Winslow old customs (1902)
Northampton Mercury, 4 April 1902
There are few towns in the Midlands, or perhaps in the country at large, where old customs are more kept up than in Winslow. Only a few years ago “Jack-in-the-Green” with his attendant sweeps, used regularly to put in an appearance on May Day. Pancake Day is religiously observed as regularly as Shrove Tuesday comes around, the “Pan” bell sounds out at noon. On Palm Sunday the amount of figs consumed is, I am informed by grocers, quite remarkable and out of all proportion to the size of the place – in fact, the demand sometimes exceeds the supply, so that a fig cannot be purchased in the town. Another thing remarkable is the different bells which are rung on week days – in the morning there is the breakfast bell, at one o’clock the dinner bell and at eight o’clock at night the Curfew bell, so that the sexton, who bye the bye is over 80 years of age, has plenty of work to do. There is a tradition, and probably a well-founded one, that at one time there was a charity left to pay the sexton for his trouble, but, like some of the other Winslow charities, it has been lost. The tradition is that many years ago some man got lost in the woods, which at that time were so [extensive] between Winslow and Stony Stratford, and wandered about not knowing where he was until the sound of the Winslow Curfew reached his ear and so pointed out the direction for him to go. In gratitude, it is said, for this he left a sum of money to pay the bell-ringer a yearly salary. The custom of eating “hot-cross” buns on Good Friday is observed by almost everyone.
Notes by Ed Grimsdale
A Jack in the Green was a participant in traditional May Day parades dating back many hundreds of years and beyond that to the “Green Man” of legends. The Jack in the Green wore a large, foliage-covered wooden framework, usually pyramidal or conical in shape which, in extreme cases, would envelope his body from head to foot. It’s unclear how Jack in the Green became associated with child chimney sweeps. In many parts of the country, Jack in the Green & his sweeps, who usually stirred up bawdy, noisy trouble, got banished as prim Victorians opted for crowning a sweet May Queen, but North Bucks, and, in particular, Winslow clung like ivy to Jack to its old customs.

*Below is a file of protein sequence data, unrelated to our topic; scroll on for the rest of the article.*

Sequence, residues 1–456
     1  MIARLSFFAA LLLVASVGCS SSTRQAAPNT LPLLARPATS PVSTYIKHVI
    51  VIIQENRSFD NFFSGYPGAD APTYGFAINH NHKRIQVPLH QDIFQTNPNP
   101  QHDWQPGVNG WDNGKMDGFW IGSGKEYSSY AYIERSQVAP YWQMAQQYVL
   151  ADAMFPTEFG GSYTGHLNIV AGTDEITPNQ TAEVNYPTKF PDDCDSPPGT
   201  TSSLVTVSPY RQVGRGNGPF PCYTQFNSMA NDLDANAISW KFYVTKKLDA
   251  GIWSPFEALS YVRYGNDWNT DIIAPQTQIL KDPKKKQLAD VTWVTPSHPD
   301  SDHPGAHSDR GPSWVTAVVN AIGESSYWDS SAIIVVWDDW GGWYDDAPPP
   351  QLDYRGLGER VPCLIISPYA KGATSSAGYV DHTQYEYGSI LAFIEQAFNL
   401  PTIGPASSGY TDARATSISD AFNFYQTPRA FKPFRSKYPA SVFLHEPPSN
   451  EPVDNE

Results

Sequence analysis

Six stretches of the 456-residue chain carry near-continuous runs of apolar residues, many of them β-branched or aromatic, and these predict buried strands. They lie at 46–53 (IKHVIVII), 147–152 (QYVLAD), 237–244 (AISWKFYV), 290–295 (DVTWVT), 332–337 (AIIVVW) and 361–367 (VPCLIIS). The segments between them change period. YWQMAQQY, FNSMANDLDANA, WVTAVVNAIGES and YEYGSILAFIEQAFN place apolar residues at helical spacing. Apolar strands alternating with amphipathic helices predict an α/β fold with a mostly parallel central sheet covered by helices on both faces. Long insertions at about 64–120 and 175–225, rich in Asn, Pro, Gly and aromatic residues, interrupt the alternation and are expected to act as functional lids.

Pan bells were common across the Shrove Tuesday “triangle” of Buckingham, Olney & Winslow.
Palm Sunday is the Sunday before Easter and is still celebrated in the palm crosses that are distributed in churches to commemorate Christ's entry into Jerusalem on a donkey. There was an oral myth that after entering Jerusalem, he feasted on figs, thus eating figs and sweets made from figs such as “figgy pudding” on Palm Sunday was a habit across England, and this custom lingered long in Winslow. In Wales the day is called Sul y Blodau or Flowering Sunday – showing a different association with the flowering of the fig tree.
Both Buckingham and Winslow retained a Curfew bell system long after other towns had abandoned it, despite protestations from new arrivals in North Bucks who found the morning bell particularly annoying. To ring or not to ring was the question, but the answer rested in the hands of the parish priest.
“Morning dawned clear as a bell, but Peter wasn't awake in time to take note of its matutinal blushes.”
Charlotte MacLeod, Something in the Water
Of course, the morning or matutinal bell should not be called a Curfew bell for that would be a misnomer, but Buckingham folk, unlike their Winslow brethren, did not discriminate. The morning bell was a relic of Catholic times when an “Angelus” bell would sound in the morning (for breakfast), another at noon (for dinner i.e. lunch) and a true Curfew bell in the evening – the latter both a time for bed and also the time to put out the hearth fire that had been started in the morning. The word Curfew comes from old French couvre-feu or cover fire, and the bell is thought to have been instituted by William the Conqueror to inhibit loss of property from untended fires. The Curfew would be sounded at sunset in the Summer but at 8pm or 9pm in winter (October-March), whereas the matutinal bell would announce “rise & shine” at 6am. There are still older folk in North Bucks who observe an “early to bed and early to rise” routine. They are following a tradition dating back to Norman times that expressed its hope through the following lines:
To rise at five, to dine at nine,
To sup at five, to bed at nine,
Makes a man live to ninety and nine.
The ancient woodland in which the man got disoriented was Whaddon Chase, a park and a hunting forest from Norman times. The forest contained 480 deer and 6,600 trees in 1608. It survived, but in vestigial form, thanks to the neglect of the Duke of Buckingham, until enclosure in 1840.
The one custom that has survived is the eating of hot cross buns. Whilst consumption has risen remarkably, the availability of the buns for many weeks before Good Friday in supermarkets has undermined their religious significance and the sense of occasion. Inflation has killed the street vendor's call:
Hot cross buns, Hot cross buns,
One a penny, two a penny,
Hot cross buns.
The sexton referred to in the Northampton Mercury was Edward Abbott of Sheep Street, aged 82 at the time.